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The Concept of Woman, Volume 2
The Early Humanist Reformation, 1250-1500, Part 2
PAPERBACK; Published: 1/26/2006
ISBN: 978-0-8028-3347-1
634 Pages
Trim Size, in inches: 6 x 9
DESCRIPTION
This seminal work is the second volume of a widely praised study of the concept of woman in the history of Western philosophy. Sister Prudence Allen explores claims about sex and gender identity in the works of over fifty philosophers (both men and women) in the late medieval and early Renaissance periods.

Touching on the thought of every philosopher who considered sex or gender identity between A.D. 1250 and 1500, The Concept of Woman provides the analytical categories necessary for situating contemporary discussion of women in relation to men. Adding to the accessibility of this fine discussion are informative illustrations, helpful summary charts, and extracts of original source material (some not previously available in English).

Encyclopedic in coverage yet clearly organized and well written, The Concept of Woman will be an invaluable resource for readers interested in a wide range of disciplines.

REVIEWS
Jean Bethke Elshtain
— University of Chicago Divinity School
"Sister Prudence Allen's monumental work continues with this remarkable volume. There is no work to compare with hers in its systematicness, intellectual rigor, and scholarly integrity."
Catholic Historical Review
"This comprehensive volume comes as close to being an exhaustive treatment of what philosophers and theologians in the High Middle Ages of Christian Europe had to say about women as we are ever likely to get. . . An invaluable guide to all the philosophical thinking on gender difference in Christian Europe from 1250–1500."
Francis Martin, S.S.D.
— author of The Feminist Question
"Sister Prudence Allen's second volume of The Concept of Woman is an extremely important contribution in the effort to move from a rights-based feminism to one that is person-centered and addresses the question, 'Who is a woman?' Relying on primary sources, some of which are not often consulted, this study traces the emerging understanding of woman on the part of both women and men (often in dialogue) during the period from 1250 to 1500. While not ignoring the dark side of these centuries, this work in the history of philosophy follows the emerging consciousness of woman's identity as part of the increasing humanist awareness of the person's inner space. . . A careful and brilliant study."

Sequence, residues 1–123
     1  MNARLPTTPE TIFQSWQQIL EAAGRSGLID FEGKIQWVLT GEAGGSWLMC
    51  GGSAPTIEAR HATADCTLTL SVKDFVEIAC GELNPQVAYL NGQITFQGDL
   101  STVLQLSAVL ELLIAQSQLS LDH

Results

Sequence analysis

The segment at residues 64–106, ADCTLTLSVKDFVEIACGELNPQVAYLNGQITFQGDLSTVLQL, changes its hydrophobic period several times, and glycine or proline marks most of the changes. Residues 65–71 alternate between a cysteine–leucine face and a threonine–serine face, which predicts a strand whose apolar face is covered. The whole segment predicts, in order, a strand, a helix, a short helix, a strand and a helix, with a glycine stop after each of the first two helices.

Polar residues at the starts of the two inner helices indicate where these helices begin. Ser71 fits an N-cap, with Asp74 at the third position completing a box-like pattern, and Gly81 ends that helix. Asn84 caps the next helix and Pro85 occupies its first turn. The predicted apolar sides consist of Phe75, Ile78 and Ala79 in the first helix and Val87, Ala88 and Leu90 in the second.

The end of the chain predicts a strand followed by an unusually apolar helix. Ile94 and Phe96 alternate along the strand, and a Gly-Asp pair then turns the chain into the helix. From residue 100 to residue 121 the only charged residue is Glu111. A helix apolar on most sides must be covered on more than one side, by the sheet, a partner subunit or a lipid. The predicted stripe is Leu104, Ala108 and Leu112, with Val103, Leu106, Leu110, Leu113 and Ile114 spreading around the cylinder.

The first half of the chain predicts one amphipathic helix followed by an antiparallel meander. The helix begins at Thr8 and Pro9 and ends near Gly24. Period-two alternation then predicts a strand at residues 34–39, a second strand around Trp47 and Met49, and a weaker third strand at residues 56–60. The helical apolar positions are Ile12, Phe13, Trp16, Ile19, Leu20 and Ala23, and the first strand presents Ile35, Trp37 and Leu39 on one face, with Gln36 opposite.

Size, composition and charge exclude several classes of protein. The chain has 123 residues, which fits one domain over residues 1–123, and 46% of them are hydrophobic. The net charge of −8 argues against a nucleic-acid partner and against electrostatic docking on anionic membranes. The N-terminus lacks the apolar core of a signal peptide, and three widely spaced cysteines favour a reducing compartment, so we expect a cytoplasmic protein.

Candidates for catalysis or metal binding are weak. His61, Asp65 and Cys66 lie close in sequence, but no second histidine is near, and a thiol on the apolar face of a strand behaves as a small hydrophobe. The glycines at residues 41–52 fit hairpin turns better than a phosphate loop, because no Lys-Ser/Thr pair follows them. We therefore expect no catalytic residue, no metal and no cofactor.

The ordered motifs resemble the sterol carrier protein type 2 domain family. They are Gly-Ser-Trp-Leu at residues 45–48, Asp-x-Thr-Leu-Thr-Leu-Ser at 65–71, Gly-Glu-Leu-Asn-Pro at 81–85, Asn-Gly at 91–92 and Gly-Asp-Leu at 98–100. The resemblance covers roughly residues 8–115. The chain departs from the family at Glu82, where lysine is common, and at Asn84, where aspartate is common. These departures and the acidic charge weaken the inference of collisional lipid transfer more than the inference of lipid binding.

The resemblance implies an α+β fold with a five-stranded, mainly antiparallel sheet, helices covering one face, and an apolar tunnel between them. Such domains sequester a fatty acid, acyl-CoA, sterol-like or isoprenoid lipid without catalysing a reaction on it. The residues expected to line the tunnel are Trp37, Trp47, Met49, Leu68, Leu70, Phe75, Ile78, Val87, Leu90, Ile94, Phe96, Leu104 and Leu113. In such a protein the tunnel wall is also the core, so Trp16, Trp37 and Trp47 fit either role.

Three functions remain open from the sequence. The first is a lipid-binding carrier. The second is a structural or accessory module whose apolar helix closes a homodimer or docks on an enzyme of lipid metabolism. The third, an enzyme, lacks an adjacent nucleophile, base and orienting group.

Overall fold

W. Norris Clarke, S.J.
— Fordham University
"This carefully researched new volume is even more interesting and substantial than the first. It is of special importance because it lays out in rich detail the crucial turning point in the West from the dominance of the Aristotelian 'gender-polarity' concept of woman (the inferiority of woman to man both biologically and psychologically) to the emergence of the new 'gender-complementarity with equality' concept that developed in the newly arisen humanist schools of the Renaissance. . . The leading philosophers of the high Middle Ages, such as Thomas Aquinas and Duns Scotus, are treated here with admirable insight and fairness. This volume will now become the essential reference work for understanding this important chapter in our Western culture."
Diana Robin
— University of New Mexico
"An original and brilliant work of scholarship. Charting the emergence of a new ideology of sex/gender in early modern Europe, this book makes a significant contribution to our understanding of the history of sexuality. Considering the 'woman question' and early gender theory as rooted in the rise of European humanism, Sister Prudence Allen analyzes the concept of woman in such important women writers as Mechtild of Magdeburg, Bridget of Sweden, Catherine of Siena, Julian of Norwich, Margery Kempe, Christine de Pizan, Isotta Nogarola, Laura Cereta, and their canonical male contemporaries. The broad sweep and range of works, writers, and in-depth textual analyses make Sister Prudence's book essential reading for scholars in comparative European studies, women's history, and feminist theory."

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